One of our main tasks is to develop and run a data processing pipeline, that takes in raw sequencing data from many different parasite DNA samples, then finds all the positions in the parasite genome where some of these samples are different from others (“SNP discovery”), then makes a “call” for each sample and for each variable position in the genome (“SNP”) as to which nucleotide (A,C, T or G) is found there (“genotyping”).
Once we’ve done that, we can tell you something about how one parasite is different from another, or how one group of parasites is different from another group, which might be interesting if, for example, one or more of those parasites are resistant to a particular drug.
Anyway, this is harder than you might think, and is complicated by all sorts of factors, not least that we have to work with lots and lots of relatively short pieces of DNA, and that the malaria parasite genome has long stretches of really repetitive sequence, and that a DNA sample might actually be from a person who was infected with 2 or more different parasites (a “mixed infection”) and so you’re actually looking at 2 or more genomes in one sample, …, not to mention that you have to work with lots of data, so use of memory and compute power needs to be efficient.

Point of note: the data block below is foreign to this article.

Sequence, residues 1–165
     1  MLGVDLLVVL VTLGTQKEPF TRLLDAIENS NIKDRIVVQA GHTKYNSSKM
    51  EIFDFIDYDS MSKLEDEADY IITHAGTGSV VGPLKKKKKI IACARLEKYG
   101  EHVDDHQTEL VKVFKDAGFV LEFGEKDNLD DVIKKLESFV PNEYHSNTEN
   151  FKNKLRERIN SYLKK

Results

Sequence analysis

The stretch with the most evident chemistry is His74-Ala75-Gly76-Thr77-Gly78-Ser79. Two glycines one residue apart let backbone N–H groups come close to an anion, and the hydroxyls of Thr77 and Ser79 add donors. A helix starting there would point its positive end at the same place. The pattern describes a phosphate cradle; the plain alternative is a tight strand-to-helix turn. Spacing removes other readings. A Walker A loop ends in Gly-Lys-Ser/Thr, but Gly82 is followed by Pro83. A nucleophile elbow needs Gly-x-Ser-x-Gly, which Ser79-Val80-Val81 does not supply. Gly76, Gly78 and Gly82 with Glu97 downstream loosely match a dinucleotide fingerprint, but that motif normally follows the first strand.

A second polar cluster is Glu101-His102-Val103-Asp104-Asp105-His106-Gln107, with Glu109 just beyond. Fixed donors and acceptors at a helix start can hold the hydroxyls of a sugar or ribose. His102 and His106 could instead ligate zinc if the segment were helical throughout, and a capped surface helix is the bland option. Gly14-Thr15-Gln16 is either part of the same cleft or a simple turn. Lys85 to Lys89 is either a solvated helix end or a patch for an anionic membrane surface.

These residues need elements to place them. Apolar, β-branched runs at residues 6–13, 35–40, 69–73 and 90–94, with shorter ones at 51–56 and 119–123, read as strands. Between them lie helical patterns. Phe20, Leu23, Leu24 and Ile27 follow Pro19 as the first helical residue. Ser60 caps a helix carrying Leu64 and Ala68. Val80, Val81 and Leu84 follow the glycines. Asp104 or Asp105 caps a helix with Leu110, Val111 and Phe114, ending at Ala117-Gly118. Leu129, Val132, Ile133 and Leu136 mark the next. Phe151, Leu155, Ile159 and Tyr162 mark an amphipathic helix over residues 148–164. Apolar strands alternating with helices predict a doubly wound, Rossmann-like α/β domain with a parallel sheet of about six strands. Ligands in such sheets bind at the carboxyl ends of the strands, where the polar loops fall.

This is something we’ve been working on for a couple of years (well, I say “we”, but I take no credit, this is all down to Magnus, Gareth, Dominic and others). Back in 2009 Magnus published an article on something called SNP-o-matic, which is a piece of software he wrote to perform SNP discovery and genotyping for parasite samples, and to deal with some of the complications I’ve mentioned above. SNP-o-matic is still a key part of our pipelines, and Magnus has just finished some work rewriting it, primarily to add some new features for finding different types of genetic variation. But this is not a solved problem, and we know we can do better, so this is something that’s going to keep us busy for a while yet!